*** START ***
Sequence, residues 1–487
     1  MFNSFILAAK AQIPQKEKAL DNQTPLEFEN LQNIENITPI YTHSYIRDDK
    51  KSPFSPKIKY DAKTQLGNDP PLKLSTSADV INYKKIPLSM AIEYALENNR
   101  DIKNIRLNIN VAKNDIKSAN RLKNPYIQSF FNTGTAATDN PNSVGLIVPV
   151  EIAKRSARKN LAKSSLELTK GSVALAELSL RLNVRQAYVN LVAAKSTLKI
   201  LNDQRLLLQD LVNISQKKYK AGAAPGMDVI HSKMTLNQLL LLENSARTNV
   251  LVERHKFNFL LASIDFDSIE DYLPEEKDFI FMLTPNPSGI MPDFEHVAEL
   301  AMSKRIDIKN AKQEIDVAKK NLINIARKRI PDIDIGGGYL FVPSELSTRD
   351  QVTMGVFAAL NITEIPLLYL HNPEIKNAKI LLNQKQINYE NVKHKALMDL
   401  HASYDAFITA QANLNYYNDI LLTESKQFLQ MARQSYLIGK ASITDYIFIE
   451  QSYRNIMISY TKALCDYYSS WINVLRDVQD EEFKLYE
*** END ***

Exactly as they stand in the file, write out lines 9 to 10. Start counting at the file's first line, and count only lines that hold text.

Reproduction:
   351  QVTMGVFAAL NITEIPLLYL HNPEIKNAKI LLNQKQINYE NVKHKALMDL
   401  HASYDAFITA QANLNYYNDI LLTESKQFLQ MARQSYLIGK ASITDYIFIE